203. 203. P.M. lesions Lesions of the intestine can vary from mild enteritis one score (+ve) to severe necrotic or hemorrhagic type scores (+++ve) and characterized by :- 1- sever inflam. in specific location according to Eimeria sp. 2- thicken of intestinal wall. 3- whitish yellow plaques (oocysts). Caecal coccidiosis may produce ballooning of the cecal pouches, which then fill with blood. A later stage involves cecae filled with material of cheesy consistency, streaked with blood (contains non sporulated oocysts) (whitish yellow plaques) or (caecal cords).
  204. 204. Lesions can often be seen from the serosal surface of the small intestine. The intestinal mucosa may at first be thin and covered with elongate white plaques, arranged transversely. The intestine may be pale and contain watery fluid. E. acervulina
  205. 205. E. acervulina
  206. 206. The intestine may be flaccid and filled with fluid, and the lumen often contains yellow or orange mucus. This condition has been described as ―ballooning.‖ E. maxima
  207. 207. E. maxima
  208. 208. E. necatrix older birds such as brooder pullets or layer pullets 9—14 weeks old. The intestine often is dilated to twice its normal size (ballooning), and the lumen may be filled with blood and fluid.
  209. 209. E. necatrix
  210. 210. Bloody cecal core E. tenella
  211. 211. Control of coccidiosis
  212. 212. I - Correct the managment: - avoid humidity. - avoid over crowdness - provide good ventilation. - proper temp. - Eradication of rodents, arthropods (vectors). - Disinfectant of the visitors, workers & shoes. - Separate the old from the young. birds - Control other disease. - through cleaning & disinfection before each new flocks. - periodical removal of litters wet letter should be changed either completely or partially as possible. Wet areas are found around drinkers, in corners or beside walls and … etc.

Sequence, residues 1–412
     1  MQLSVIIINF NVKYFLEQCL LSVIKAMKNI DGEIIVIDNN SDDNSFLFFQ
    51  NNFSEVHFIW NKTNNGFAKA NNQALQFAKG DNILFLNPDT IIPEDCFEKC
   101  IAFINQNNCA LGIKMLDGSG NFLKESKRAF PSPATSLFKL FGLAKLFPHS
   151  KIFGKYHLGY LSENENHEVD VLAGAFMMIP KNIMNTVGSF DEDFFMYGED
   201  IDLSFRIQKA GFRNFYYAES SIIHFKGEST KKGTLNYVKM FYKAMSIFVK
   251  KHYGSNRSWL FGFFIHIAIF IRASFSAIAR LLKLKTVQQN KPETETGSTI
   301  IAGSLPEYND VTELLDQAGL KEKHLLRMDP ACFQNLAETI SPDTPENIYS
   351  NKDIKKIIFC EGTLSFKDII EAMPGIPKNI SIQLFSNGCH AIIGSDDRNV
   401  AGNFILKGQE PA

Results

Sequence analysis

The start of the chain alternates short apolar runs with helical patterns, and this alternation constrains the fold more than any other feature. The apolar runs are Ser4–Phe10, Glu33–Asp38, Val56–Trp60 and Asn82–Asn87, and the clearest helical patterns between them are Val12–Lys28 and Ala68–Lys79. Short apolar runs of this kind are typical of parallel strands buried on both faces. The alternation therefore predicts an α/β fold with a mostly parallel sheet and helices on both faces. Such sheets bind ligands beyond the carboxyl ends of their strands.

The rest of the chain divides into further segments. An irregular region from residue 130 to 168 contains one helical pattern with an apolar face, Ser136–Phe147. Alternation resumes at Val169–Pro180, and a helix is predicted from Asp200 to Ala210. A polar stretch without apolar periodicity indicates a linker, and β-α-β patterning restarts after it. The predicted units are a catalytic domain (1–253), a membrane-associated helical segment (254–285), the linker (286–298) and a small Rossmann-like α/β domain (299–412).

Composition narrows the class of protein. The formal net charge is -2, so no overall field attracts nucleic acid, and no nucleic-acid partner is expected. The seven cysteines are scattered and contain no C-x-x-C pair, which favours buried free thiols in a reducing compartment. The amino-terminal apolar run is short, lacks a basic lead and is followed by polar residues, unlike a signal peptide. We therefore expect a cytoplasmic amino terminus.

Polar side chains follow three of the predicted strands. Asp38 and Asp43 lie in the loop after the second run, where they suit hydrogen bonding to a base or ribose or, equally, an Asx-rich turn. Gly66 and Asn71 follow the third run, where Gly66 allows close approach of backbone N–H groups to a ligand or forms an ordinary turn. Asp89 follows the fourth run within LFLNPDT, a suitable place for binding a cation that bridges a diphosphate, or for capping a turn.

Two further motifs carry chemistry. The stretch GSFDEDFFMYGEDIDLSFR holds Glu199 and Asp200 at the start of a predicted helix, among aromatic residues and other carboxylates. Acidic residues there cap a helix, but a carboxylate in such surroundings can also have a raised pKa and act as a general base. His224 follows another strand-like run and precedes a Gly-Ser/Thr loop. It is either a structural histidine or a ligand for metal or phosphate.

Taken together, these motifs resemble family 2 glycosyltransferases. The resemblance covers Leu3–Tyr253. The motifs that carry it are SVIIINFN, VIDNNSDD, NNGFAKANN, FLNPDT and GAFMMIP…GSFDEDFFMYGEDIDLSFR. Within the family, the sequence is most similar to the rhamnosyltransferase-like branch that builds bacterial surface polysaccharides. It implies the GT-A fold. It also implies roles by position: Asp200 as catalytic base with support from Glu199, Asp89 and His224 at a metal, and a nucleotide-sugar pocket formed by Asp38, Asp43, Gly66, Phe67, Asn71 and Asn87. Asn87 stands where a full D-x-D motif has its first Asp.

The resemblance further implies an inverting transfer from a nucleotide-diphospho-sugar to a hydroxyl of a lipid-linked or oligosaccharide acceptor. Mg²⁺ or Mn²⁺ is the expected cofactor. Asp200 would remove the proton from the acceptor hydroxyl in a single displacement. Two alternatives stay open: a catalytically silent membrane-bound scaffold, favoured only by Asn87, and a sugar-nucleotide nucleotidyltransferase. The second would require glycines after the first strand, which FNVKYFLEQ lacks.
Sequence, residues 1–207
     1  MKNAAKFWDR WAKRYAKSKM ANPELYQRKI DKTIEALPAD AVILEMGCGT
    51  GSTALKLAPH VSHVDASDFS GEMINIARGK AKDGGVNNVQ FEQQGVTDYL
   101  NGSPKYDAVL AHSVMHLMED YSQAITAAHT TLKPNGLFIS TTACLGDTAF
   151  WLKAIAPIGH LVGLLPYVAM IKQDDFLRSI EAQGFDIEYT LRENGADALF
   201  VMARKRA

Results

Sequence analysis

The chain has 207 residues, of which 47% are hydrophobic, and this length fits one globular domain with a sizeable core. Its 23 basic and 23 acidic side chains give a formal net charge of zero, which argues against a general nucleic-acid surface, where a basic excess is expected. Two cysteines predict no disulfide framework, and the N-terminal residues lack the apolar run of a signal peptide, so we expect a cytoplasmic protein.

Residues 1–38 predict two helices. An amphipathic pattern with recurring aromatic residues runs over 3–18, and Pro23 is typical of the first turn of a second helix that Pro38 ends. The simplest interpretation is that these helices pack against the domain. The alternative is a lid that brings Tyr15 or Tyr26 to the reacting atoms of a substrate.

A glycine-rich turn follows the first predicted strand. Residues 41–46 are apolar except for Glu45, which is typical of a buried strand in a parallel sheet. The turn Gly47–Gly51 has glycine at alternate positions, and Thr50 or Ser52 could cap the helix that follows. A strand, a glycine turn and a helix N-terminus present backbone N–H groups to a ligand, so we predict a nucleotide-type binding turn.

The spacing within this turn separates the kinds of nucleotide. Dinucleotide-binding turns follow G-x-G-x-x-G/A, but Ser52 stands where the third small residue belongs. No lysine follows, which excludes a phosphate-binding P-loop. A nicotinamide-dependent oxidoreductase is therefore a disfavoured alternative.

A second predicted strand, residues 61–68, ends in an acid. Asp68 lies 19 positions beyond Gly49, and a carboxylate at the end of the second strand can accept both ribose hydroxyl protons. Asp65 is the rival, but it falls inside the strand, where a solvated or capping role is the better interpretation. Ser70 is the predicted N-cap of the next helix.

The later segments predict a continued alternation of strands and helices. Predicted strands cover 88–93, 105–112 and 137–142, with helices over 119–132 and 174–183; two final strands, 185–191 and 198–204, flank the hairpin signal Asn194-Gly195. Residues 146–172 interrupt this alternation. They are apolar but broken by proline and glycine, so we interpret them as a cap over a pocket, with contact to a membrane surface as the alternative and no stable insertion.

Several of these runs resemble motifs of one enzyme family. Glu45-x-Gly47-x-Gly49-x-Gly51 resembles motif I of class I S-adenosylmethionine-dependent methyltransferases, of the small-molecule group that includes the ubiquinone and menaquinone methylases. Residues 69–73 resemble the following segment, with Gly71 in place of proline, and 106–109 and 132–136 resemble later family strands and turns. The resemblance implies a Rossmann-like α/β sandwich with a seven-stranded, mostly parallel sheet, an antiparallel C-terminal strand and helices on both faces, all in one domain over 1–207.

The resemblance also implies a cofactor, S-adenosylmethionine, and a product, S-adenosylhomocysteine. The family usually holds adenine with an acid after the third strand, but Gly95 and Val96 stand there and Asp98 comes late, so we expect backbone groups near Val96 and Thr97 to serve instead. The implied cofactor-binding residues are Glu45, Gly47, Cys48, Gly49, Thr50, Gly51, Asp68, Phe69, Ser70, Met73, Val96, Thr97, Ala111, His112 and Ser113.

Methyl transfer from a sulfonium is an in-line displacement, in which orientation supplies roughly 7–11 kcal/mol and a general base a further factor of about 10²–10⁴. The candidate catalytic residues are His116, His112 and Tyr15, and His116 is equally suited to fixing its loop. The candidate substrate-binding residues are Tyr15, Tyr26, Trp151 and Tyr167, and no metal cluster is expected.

213. 213. II- Destruction of oocyst - good hygiene - good disinfectant Ammonia fumigation or Ammonia solutions or Sodium hydroxide. or Calcium oxide III- Raise the vitality of the birds: - good balanced rations. - supplemented especially by vit K & vit A. - sufficient amount of ration.
  214. 214. IV – Feed additive compounds: - Used as protective coccidiostate: -Add from the first day of age to the end of the broilers flocks at ration and add from the first day of age to 12-16 weeks of age at ration in layers flocks. -Use for non diseased birds & not used as treatment. e.g.: 1- Chemicals coccidiostate Active principle 1- Halofuginon 2- Rubanoed 3- Dicelazoril
  215. 215. 2- Inophores coccidiostate Active principle 1- Monenzin 2- Salinomycin 3- Lasalocid 4- Maduramycin 5- Semduramycin - Coccidiostate permit descend of some oocysts which lead to partial immunity There are two main problems with chemotherapeutic approach to controlling coccidiosis, the emergence of drug resistance (which may be developed after repeated uses of the same drug) and residues. This problem is usually met by changing the anticoccidial drugs overcome the drug resistance as following:
  216. 216. Programs for coccidiosis control: 1- Continous use of single drug: using one particular anticoccidial in the feed from first day till withdrawal period 2- Shuttle programs (‫الواحدة‬ ‫الدورة‬ ‫خالل‬ ‫الكوكسيديا‬ ‫مضادات‬ ‫تبادل‬ ) Consists of starter medication, using one particular anticoccidial in the feed usually for the first 3 weeks of growth, followed by a change to another anticoccidial in the grower feed for the finishing period. 3- Rotation programs ( ‫تبادل‬‫مضادات‬‫الكوكسيديا‬‫بين‬‫الدورات‬ ) : using one particular anticoccidial in the feed for 2 cycles then change to another.
  217. 217.  Used for breeders and floor reared layers: Natural wild type vaccine: Coccivac,Immucox. Attenuated vaccine: Livacox, or Paracox. Vaccination
  218. 218. Immunogenicity of different species: Depending on the coccidian species considered, immunity will develop after one single exposure to the parasite or several exposures to the same species as shown in the following table: Species No. of Exposure to achieve Immunity. E. maxima 1 E. Praecox 1 E. brunetti 1-2 E. acervulina 2-3 E. mitis 2-3 E. tenella 3-4 E. necatrix 4-5